GENSAC Network

Bojan Francuz

GENSAC in 2021

Despite a challenging year, the Gender Equality Network for Small Arms Control presses on!


One year ago, over 100 experts — (mostly) women — gathered in Berlin to discuss how to take small arms control forward. Activated by the urgency of this issue — having seen the shortcomings of the conventional approaches to disarmament, increasing social unrest and violence, and weapons sales going up in many countries — the formation of the Gender Equality Network for Small Arms Control (GENSAC) was a response to the need for new thinking and collaboration on small arms control. Indeed, with its first gathering coinciding with devastating news of a mass shooting in Hanau, Germany — which again underscored the dangers of violent extremism and guns — the launch of GENSAC with Germany’s generous support and active collaboration, was both relevant and timely.

GENSAC was launched just before the world as we knew it was about to change. During its official launch in Berlin, news of COVID-19 was just beginning to trickle in for an international group of women and men gender and security champions from the W. Balkans, Africa and LAC.

The meeting gathered practitioners who operate in the security, development, and gender justice sectors. We discussed how the conventional approaches to disarmament had failed to address the gendered dimensions of small arms and the connection between small arms and violence against women. This failure, far from being accidental, is linked to the low participation and representation of women in disarmament fora. GENSAC was initiated to address that issue: to advance gender-responsive small arms control, and promote the meaningful participation and representation of women in small arms decision making.

Since then, the virus has changed all aspects of our lives. Patterns of violence have been changing across the world, increased risk of social unrest breaking into violence. Data shows that violence against women has considerably surged since the beginning of the pandemic. Calls for new approaches in order to stop rates of violent death from increasing globally by 2030 are more urgent than ever. Gun violence also continues to claim many lives, both in the streets and inside homes.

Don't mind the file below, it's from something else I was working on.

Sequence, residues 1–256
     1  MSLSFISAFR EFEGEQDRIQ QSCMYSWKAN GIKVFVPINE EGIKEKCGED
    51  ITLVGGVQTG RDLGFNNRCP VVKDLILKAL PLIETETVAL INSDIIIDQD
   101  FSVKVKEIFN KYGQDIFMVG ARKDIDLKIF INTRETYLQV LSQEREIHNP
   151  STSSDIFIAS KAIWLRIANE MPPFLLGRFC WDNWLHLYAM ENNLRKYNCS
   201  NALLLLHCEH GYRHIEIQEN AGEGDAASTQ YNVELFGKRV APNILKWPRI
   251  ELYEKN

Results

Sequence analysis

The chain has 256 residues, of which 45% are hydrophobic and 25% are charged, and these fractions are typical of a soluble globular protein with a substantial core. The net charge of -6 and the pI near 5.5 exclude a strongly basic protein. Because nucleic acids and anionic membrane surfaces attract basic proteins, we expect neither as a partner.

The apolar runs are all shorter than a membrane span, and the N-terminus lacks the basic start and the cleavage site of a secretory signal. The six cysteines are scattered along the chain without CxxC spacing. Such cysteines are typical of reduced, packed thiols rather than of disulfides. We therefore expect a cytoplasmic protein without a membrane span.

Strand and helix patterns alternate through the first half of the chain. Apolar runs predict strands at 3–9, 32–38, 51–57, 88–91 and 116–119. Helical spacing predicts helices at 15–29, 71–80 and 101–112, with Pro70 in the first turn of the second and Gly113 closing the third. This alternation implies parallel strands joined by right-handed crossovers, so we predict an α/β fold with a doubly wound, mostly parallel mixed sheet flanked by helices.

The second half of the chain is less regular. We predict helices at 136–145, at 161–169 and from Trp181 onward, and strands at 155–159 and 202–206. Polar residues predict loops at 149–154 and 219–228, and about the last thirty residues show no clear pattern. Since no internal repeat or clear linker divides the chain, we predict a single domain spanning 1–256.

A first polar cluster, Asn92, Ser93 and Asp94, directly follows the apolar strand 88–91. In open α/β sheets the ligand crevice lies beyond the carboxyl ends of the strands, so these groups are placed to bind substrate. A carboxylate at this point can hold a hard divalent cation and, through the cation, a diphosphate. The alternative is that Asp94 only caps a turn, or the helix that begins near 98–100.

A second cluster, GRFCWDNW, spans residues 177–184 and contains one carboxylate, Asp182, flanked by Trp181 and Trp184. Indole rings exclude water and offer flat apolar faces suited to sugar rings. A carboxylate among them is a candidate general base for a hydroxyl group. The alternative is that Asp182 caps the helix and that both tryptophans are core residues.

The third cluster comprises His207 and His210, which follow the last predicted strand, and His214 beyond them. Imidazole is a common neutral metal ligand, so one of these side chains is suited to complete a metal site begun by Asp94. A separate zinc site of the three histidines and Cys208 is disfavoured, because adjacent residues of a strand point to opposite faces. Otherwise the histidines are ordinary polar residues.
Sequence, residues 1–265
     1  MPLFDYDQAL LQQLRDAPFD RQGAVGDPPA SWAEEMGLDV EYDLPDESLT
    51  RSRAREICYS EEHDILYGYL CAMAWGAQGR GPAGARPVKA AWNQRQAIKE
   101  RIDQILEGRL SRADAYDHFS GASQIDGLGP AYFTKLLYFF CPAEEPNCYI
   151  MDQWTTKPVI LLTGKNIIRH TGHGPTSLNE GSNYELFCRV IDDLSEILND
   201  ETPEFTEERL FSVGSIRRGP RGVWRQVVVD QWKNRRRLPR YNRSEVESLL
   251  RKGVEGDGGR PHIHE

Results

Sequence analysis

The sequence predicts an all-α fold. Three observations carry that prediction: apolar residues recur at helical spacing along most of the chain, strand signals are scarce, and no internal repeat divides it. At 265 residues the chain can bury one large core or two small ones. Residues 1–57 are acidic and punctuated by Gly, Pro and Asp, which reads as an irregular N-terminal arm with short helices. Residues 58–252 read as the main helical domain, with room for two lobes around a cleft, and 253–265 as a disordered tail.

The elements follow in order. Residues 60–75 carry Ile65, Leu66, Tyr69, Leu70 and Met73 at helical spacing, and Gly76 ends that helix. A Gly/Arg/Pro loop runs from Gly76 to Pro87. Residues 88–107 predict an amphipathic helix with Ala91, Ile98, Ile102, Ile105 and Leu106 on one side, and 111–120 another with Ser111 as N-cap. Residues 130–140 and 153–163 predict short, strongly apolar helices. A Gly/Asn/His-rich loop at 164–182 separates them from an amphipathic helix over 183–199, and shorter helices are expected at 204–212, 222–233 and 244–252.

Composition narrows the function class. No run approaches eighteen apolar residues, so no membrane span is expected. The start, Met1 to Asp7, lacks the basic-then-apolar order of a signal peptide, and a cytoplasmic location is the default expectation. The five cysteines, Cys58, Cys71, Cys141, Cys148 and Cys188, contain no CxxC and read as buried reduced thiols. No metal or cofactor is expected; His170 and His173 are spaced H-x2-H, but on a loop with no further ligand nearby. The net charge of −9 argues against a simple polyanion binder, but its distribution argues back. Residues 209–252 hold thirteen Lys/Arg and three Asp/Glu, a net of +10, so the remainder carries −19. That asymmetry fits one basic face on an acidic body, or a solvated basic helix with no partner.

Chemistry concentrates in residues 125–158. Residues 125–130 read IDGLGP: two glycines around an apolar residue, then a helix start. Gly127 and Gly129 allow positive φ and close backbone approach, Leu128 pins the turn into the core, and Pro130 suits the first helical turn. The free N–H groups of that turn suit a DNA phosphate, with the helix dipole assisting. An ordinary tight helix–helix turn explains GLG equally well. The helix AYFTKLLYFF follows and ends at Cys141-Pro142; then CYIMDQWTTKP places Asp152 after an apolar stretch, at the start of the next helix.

In Berlin, GENSAC members proposed efforts to contain the problems of violence should, at their core, focus on gender responsive small arms control. We published an Action paper based on a thorough review of the evidence and a broad range of consultations with the community of global experts in small arms control and gender, and proposed seven practical strategies to take the work forward.

One year on, the challenges we face and how the international community goes about addressing urgent issues has changed, as well. GENSAC, too, has changed how we communicate across regions and cultures; how we share best-practices; how we create space for advocacy, and support those doing the frontline work.

We have held a series of webinars with our members and partners to discuss the impact of the pandemic on the proliferation of small arms and violence against women. We have also rallied our male allies in a discussion about their role in gender responsive small arms control. Our experts agree that the pandemic has deepened existing inequalities and vulnerabilities in the different regions. Yet, there is insufficient data available on the gendered aspect of the violence that has resulted from this pandemic. To address this, GENSAC has developed a research strategy which will include the publication of issue briefs and reflection pieces aimed at collecting disaggregated data and best practices on gender responsive and small arms control, in the context of the COVID-19 pandemic. We intend to work with our members to involve more arms control stakeholders at grassroots and national levels in our collective effort to advance gender-responsive small arms control.

GENSAC’s one year anniversary coincides with the upcoming celebration of International Women’s Day. This year we are partnering with women’s movements and peace advocates in over a dozen countries to disseminate the second edition of our Action Paper, which has been revised to reflect the gendered impact of the COVID-19 pandemic on small arms control.

The task at hand is challenging, but our steadfast commitment to supporting gender champions working daily to save lives, prevent harm, and make their communities peaceful, remains unchanged.

In our second year, we look forward to GENSAC becoming an even more agile and dynamic platform for knowledge exchanges and

  • We are committed to working with our partners to distribute their cutting-edge research and knowledge far and wide. We look forward to engaging our members in knowledge production and relying on them for insights on the emerging problems of gun violence they are witnessing in their communities.
  • We will better support our members. With the appointment of three regional focal points, enhanced communications, and upcoming training and capacity development opportunities, we hope to provide tangible opportunities to those advancing gender responsive small arms control on the frontlines — be they CSO members, activists, academics, or policymakers.